Behavior of point defects in growing silicon crystal is discussed. Local equilibrium concentration is derived and compared to reported conventional ones. Stress effects on point defects are described such as concentration change around dislocation loops, effects of thermal stress and impurity doping effects. Temperature gradient and heat balance at the solid/liquid interface is discussed in detail because of their important role in determining point defect behavior.
We present the effect of nitrogen doping on the formation of grown-in defects and on the behavior of oxygen precipitate. By nitrogen doping, the morphology of voids becomes plate shape triclinic and the size of voids decreases (nitrogen concentration 〜10^<14> atoms/cm^3), while the oxygen precipitates are already existent at grown-in state with high volume density (nitrogen concentration >2×10^<15> atoms/cm^3) . The oxygen precipitate density after heat treatment shows constant value and is in-dependent of heat treatment temperature in nitrogen doped crystals. Implications for the mechanism of nitrogen doping effects are discussed.
This report involves the point defects behavior in heavily boron-doped Si crystals investigated by the observation of AOP (Anomalous oxygen precipitation) and dislocation clusters. With increasing boron concentration, it becomes difficult to observe the AOP and dislocation clusters. The reason is thought to be that both excess vacancy and interstitial silicon atoms decrease with increasing boron concentration. Various models for point defects behavior in heavily boron-doped Si crystals are reviewed and the shortcomings of each models are discussed.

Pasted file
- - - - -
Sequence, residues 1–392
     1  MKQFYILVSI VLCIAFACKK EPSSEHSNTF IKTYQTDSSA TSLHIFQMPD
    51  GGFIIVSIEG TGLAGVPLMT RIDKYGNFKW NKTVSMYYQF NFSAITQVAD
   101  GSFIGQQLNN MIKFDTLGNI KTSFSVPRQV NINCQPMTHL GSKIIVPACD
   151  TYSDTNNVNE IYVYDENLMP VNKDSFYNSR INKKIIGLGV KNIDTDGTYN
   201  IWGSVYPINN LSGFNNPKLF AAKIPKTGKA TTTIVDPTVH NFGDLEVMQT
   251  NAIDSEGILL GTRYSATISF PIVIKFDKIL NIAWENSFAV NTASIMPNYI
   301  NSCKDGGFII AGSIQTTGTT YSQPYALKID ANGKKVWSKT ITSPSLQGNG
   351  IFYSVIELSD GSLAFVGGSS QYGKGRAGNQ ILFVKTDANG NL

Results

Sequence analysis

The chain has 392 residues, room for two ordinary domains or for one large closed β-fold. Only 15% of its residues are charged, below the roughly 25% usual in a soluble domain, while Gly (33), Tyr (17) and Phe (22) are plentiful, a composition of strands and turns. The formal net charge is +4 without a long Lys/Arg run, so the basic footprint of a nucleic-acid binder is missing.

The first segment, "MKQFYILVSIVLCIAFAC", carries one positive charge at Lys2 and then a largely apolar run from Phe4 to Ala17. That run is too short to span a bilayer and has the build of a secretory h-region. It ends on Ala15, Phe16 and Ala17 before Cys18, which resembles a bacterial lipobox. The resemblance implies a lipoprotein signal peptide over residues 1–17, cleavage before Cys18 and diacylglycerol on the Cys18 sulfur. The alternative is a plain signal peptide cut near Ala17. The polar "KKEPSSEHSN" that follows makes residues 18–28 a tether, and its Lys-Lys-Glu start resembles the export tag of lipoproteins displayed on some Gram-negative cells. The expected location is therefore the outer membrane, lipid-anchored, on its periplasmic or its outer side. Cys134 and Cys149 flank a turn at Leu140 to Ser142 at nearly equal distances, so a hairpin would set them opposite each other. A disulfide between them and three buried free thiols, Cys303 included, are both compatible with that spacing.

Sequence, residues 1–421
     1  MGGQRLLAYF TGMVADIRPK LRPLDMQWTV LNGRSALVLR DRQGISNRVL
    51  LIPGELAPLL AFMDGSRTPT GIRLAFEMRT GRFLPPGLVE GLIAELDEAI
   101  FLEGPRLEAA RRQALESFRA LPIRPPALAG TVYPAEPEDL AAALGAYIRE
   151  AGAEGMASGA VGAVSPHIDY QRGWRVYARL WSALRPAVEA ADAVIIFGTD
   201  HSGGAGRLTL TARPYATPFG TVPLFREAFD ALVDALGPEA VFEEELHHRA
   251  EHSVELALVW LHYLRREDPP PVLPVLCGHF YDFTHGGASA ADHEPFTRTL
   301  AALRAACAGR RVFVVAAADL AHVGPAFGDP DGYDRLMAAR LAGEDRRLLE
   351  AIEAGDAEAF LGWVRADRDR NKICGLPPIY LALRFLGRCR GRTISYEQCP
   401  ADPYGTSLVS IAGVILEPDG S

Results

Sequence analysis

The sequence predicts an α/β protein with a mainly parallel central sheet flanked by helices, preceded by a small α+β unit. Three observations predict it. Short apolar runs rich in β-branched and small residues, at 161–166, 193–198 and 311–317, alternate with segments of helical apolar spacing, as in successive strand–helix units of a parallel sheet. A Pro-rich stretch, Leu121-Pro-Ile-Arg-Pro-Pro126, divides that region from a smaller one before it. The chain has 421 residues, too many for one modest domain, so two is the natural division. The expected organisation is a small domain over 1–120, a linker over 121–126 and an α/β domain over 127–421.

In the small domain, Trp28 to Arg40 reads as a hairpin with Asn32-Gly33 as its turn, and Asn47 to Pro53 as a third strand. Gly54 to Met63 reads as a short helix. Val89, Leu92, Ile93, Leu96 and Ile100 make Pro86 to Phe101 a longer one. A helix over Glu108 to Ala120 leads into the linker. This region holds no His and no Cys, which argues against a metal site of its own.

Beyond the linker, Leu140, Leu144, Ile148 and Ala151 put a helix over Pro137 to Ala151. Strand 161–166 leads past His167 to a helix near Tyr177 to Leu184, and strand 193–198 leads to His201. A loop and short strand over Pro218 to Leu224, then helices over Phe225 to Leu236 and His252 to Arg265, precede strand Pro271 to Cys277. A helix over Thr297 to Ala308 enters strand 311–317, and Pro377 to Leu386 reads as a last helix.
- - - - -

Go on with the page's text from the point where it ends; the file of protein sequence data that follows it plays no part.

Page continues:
The formation process of a dislocation cluster outside the oxidation induced stacking fault (OSF)-ring region during Czochralski (CZ) silicon crystal growth was investigated using a quenching and in situ annealing technique. Dislocation clusters were determined to be interstitial type from inside-outside contrast analysis of the transmission electron microscope (TEM) image. From the quenching experiment, the clustering temperature of dislocations which were formed by supersaturated self-interstitials and/or small dislocation loops was found to be about 1000℃ during growth. Furthermore, the characteristic axitial distribution of etching pit size was observed in the halted crystal. This could be explained by the change in concentration of supersaturated self-interstitials and the formation of a dislocation cluster due to the enhancement of diffusion of point defects.
"Sakurai-program" to draw crystal form as a function of time was capable to study the growth process of crystals such as quartz, pyrite and others. However, the program is restricted to be operated on specific type of computers be-cause the program was written by "N-88 BASIC". Therefore, the Sakurai-program was improved to operate on WINDOWS-95/98 by applying of "Visual Basic". The improved Sakurai-program provides several unique functions to draw crystal forms with faces≦100 and to demonstrate the changes of crystal forms as a function of growth rates ratios of the specific faces on crystals such as quartz and pyrite, as examples. The improved Sakurai-program is expected to be applied for educations in mineralogy and crystallography from the veiw point of crystal growth, in addition to the study tool of crystal growth process.